Australian scientists are using indigenous freshwater crayfish, known as the Yabby, as their inspiration to help build miniature robots for NASA’s exploration of Mars.
University of Melbourne zoologist, Professor David Macmillan and associates in his Melbourne laboratory and collaborating laboratories overseas are using the Yabby (Cherax destructor) to help advance research in biomimetics.
‘Invertebrates such as insects and crustaceans achieve similar movement and sensory outcomes to humans. For example, finding food and selection of appropriate mates and nesting sites. Where humans use millions of neurons to achieve such outcomes, invertebrates do it with thousands. Where humans use hundreds, invertebrates may use as few as six,’ said Professor Macmillan.
Advances in computational network modelling, and electronics are said to have permitted the development of a new class of truly biomimetic creatures. But it isn’t as easy as merely taking apart an animal or plant and copying what you see.
‘Evolution doesn’t always come up with the best solution from an engineer’s perspective,’ said Professor Macmillan.
Despite these evolutionary pitfalls, biomimetics has already produced swimming robots that achieve propulsion by whole body undulations or tail flapping and robots that walk using multiple jointed legs to mediate locomotion. Inroads are even being made in flying robots that fly by flapping mechanical wings.
Professor Macmillan has focused his research on the Yabby’s powerful tail, and it has revealed some interesting implications for future robotic design.
‘The tail of the Yabby acts like a hinged lever, changing form to act as a sail for steering or a powerful paddle for swimming. The arrangement of muscles and nerves presents an interesting case study in biological solutions to problems associated with the dynamics and control of multi-jointed levers,’ explained Professor Macmillan.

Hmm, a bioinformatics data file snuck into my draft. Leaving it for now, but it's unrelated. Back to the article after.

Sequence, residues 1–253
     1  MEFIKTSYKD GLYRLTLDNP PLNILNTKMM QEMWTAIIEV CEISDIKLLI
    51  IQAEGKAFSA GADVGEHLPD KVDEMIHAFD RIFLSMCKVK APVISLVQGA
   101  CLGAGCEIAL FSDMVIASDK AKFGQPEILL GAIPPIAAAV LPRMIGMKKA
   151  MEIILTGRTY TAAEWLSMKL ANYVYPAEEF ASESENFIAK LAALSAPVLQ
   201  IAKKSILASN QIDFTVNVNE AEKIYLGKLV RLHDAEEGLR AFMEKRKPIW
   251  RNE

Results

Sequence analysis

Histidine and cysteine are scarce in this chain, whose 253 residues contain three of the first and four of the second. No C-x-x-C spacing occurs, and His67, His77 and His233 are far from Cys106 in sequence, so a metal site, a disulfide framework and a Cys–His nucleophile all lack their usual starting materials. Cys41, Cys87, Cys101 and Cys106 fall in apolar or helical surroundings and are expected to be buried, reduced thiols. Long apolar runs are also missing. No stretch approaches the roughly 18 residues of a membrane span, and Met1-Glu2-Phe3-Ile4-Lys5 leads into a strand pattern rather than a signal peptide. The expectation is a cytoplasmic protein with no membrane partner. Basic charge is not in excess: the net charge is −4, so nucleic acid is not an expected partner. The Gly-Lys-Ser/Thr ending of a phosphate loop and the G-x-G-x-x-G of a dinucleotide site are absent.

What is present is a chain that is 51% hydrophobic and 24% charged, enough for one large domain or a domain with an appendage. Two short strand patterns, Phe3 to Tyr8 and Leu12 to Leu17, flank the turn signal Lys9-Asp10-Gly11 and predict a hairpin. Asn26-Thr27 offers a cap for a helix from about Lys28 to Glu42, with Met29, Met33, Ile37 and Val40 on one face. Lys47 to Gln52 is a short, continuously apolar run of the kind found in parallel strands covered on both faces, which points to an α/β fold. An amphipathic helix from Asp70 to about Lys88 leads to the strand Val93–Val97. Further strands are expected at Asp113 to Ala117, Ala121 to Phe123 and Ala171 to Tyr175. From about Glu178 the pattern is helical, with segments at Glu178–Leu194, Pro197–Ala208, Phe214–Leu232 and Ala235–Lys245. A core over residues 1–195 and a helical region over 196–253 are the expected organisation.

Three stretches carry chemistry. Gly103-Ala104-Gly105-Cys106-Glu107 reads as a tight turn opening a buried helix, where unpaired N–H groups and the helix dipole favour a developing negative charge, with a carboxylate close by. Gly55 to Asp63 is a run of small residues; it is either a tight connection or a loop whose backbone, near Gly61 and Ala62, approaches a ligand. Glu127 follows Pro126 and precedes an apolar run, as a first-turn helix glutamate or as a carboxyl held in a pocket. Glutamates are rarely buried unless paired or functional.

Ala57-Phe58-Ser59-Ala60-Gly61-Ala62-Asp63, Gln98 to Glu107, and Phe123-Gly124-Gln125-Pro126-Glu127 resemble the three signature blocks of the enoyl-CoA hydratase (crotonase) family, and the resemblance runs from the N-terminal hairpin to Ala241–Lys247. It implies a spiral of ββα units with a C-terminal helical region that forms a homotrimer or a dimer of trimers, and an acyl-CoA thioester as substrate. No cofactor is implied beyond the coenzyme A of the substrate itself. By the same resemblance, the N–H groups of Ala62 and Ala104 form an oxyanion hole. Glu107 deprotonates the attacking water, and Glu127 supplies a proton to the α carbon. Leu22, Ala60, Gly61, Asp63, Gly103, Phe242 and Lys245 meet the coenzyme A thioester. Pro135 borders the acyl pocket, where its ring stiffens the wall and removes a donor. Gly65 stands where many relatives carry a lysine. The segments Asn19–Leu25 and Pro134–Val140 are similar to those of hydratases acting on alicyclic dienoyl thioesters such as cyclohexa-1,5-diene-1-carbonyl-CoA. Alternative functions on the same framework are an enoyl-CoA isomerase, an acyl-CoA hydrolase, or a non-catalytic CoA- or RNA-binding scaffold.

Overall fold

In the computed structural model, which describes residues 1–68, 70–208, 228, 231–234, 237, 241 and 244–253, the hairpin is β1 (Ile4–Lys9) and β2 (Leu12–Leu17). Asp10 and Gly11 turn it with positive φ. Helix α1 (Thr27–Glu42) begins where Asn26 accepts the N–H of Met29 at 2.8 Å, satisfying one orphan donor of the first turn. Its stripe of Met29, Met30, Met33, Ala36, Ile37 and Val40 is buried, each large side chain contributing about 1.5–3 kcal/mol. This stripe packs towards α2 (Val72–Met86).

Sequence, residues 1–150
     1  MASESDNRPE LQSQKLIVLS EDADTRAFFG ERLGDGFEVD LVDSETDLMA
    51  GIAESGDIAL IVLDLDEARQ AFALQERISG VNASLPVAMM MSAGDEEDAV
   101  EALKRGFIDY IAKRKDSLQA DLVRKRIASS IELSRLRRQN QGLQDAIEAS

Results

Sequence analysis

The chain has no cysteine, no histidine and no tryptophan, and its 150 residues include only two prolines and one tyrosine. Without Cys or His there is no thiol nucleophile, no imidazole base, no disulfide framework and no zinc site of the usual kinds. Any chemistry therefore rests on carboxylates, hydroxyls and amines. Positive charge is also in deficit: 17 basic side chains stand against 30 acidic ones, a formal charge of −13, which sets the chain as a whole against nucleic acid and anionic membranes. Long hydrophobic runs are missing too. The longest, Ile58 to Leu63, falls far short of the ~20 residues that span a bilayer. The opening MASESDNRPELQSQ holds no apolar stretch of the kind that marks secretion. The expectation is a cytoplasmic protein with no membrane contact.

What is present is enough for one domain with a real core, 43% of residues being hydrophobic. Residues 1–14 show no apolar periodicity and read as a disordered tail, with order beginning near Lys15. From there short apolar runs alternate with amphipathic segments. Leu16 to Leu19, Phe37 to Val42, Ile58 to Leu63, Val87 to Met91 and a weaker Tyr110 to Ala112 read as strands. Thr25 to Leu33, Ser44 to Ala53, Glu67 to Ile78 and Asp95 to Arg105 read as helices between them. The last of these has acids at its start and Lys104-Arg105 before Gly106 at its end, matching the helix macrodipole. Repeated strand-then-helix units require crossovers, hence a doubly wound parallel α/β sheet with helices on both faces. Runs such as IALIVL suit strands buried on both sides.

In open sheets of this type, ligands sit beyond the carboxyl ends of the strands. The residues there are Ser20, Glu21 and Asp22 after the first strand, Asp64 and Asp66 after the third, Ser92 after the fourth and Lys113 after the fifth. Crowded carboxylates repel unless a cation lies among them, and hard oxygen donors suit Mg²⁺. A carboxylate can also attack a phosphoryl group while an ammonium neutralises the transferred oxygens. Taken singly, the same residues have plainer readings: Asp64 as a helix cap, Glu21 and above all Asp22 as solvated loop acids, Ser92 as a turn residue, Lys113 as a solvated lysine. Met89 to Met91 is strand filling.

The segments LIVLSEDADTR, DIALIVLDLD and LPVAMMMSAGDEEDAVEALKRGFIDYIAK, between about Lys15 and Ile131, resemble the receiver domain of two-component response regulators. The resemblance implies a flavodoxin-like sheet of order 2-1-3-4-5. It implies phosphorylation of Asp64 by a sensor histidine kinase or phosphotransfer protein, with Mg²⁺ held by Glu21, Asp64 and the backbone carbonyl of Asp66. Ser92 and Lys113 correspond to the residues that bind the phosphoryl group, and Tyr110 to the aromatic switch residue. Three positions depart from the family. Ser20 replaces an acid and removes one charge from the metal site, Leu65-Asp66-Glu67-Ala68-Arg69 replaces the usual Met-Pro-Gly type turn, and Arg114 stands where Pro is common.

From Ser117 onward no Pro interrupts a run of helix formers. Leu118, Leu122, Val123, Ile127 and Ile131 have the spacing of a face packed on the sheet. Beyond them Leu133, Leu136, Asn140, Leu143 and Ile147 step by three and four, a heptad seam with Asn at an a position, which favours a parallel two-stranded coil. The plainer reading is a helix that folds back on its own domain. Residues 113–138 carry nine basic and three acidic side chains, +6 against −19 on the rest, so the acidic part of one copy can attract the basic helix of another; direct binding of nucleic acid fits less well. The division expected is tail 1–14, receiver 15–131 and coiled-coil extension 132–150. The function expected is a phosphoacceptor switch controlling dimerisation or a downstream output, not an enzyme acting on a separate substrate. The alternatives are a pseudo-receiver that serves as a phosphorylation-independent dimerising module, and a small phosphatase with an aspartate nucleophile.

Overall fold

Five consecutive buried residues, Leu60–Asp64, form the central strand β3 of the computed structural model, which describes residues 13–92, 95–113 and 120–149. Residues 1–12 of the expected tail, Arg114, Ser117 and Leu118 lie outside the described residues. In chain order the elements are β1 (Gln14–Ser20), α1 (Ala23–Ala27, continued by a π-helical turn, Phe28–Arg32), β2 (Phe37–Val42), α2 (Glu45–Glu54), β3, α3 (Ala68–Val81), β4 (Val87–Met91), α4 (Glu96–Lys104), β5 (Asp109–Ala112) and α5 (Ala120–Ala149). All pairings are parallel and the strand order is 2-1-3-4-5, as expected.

‘Such levers could be useful in design of multi-jointed legs for mobility over difficult terrain, or in activities requiring precision lifting and leverage,’ he said.
To find how the Yabby controls its tail, Professor Macmillan’s group recorded the activity from individual nerve cell sensors in the tail called muscle receptor organs, while simultaneously recording the activity in the nerves and muscles that control each tail segment.
What they discovered was a feedback system for controlling complex movements that would prove useful, although Professor Macmillan said that neither he nor his team could establish what the yabby uses this system for.
‘The system works perfectly when isolated in a dish. But when we examine the system in a freely behaving animal to try and find out what the Yabby uses it for in its natural environment, the system behaves contrary to what we or an engineer might expect. In fact, the sensors hardly fire at all during movements initiated by the animal itself,’ said Professor Macmillan
‘The implications of these experiments are particularly pertinent if the interpretations are to inform or lead robotic design.
‘Evolution does not necessarily produce an engineer’s solution to an animal’s problem. It simply produces one that works, one that is selected because its features give the individual an edge – even a slight one – over its competitors in the game of survival.
‘Biomimetic researchers also need to be aware that animals carry design features that reflect their evolutionary history as well as responses to their present situation. When we dissect them we may find features and solutions that appear inefficient or counter intuitive. The human appendix is one example of this.
‘By studying invertebrates like the Yabby and its marine relatives, it may be possible to reverse engineer their neurological systems and build miniature, lightweight and autonomous robots capable of performing the range of complex tasks needed to explore Mars and beyond,’ he concluded.